Underwater mortgage holders may have another chance to take advantage of mortgage modifications if a proposal by the Obama administration is approved. In the proposal, the president wants to hold mortgage servicers accountable for the foreclosure frenzy of last year by having them take a loss and reduce the principal owed or else face $20 billion in civil settlement fines.
President Hopes New Modification Plan Will Help Borrowers
In what seems to be a last-ditch effort to create relief for troubled borrowers, the Obama administration is proposing to settle last year’s issue of mortgage-servicing breakdowns by forcing the nation’s largest banks to pay for reductions in loan principal for underwater borrowers.
This comprehensive settlement would make servicers like Bank of America, Wells Fargo & Co. and J.P. Morgan Chase & Co. finally do something to make up for their mismanaged foreclosures in return for getting borrowers back on the track with their mortgages.
The settlement, which could include up to 14 servicers, would not result in a new government program and instead would offer fluid terms, allowing banks to set up their own rules about how to modify loans. So far, the terms have yet to be presented to banks and exact dollar amounts haven’t been agreed on by U.S. regulators.
Republicans Push to End Foreclosure Programs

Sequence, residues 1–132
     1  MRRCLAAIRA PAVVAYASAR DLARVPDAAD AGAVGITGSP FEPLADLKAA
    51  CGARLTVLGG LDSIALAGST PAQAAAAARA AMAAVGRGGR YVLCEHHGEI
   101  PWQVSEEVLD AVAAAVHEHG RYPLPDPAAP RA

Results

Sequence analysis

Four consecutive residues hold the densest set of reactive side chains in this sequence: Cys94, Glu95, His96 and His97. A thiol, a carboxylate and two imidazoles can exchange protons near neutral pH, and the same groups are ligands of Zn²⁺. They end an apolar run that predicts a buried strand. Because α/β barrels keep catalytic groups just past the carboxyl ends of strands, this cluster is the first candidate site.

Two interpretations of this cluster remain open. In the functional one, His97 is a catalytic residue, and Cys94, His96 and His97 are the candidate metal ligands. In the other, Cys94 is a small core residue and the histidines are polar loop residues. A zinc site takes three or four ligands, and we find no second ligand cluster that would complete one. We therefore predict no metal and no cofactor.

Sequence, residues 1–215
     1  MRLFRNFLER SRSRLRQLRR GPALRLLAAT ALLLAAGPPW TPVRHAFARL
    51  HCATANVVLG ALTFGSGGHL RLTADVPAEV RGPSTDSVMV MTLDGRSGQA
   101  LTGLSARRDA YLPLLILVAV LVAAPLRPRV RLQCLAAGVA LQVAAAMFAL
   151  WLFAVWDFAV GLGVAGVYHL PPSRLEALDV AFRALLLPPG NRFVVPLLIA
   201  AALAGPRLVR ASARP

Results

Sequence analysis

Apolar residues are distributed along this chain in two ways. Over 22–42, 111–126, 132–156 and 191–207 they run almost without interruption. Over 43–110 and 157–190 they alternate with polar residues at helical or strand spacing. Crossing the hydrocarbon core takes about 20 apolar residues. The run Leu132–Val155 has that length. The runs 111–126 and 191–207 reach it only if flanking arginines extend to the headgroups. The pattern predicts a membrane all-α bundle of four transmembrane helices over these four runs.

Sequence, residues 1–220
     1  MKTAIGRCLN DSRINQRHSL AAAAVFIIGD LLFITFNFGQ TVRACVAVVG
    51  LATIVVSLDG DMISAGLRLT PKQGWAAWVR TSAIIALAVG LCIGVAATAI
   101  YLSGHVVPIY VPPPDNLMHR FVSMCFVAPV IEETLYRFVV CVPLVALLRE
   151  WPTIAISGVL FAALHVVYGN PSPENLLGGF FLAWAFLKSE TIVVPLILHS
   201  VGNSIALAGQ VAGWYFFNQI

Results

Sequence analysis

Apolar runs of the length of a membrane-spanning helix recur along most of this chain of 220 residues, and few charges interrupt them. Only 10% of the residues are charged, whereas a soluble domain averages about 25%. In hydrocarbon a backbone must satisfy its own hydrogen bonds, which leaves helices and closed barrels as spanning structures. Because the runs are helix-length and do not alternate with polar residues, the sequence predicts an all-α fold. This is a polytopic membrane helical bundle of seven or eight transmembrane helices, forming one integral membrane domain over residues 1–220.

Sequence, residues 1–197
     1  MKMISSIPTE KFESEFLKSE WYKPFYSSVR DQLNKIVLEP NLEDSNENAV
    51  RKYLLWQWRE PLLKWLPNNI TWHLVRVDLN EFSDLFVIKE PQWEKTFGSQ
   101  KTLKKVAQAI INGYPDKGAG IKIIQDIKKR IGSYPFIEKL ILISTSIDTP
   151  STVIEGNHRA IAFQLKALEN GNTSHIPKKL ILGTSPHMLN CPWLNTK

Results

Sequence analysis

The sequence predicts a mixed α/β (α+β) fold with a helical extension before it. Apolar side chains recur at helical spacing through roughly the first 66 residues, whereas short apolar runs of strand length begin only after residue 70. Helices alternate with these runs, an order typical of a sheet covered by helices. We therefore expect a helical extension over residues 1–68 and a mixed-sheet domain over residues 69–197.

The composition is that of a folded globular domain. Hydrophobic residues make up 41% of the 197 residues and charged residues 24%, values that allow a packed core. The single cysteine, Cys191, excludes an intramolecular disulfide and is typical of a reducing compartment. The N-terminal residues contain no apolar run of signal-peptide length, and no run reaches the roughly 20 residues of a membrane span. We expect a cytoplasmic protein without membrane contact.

Included in the programs they hope to eliminate is well-known Home Affordable Modification Program (HAMP), which has been criticized for not helping enough homeowners along with adding to “an era of record-breaking deficits.”
The Treasury Department admits that while more than 30,000 homeowners permanently lowered their mortgage payments through HAMP, it has failed to reach its goal of helping 3 to 4 million homeowners adjust their mortgage loans as intended.
This is partly because borrowers continuously fall out of the program from an inability to keep up with modified payments (58,020 loan modifications were canceled through December, the Treasury noted).
Could Obama’s Plan Make Up for Previous Failures?
Critics hope that Obama’s plan could make up for the problems the other programs have seen. But some are already speculating that this settlement could be just another failed attempt since it offers bankers the same control they’ve had with other programs.
The difference supporters see in this plan is that banks would have to pay the equivalent in civil fees if they didn’t help borrowers.
In the meantime, Republicans are pushing to end HAMP along with the Federal Housing Authority Refinance Program, Emergency Homeowners Relief Program and Neighborhood Stabilization Program.
While companion bills for these terminations have not been introduced in the Senate, if the president wants to ensure that troubled borrowers will receive help, it would be good to push his new program just as hard is House Republicans push their own efforts.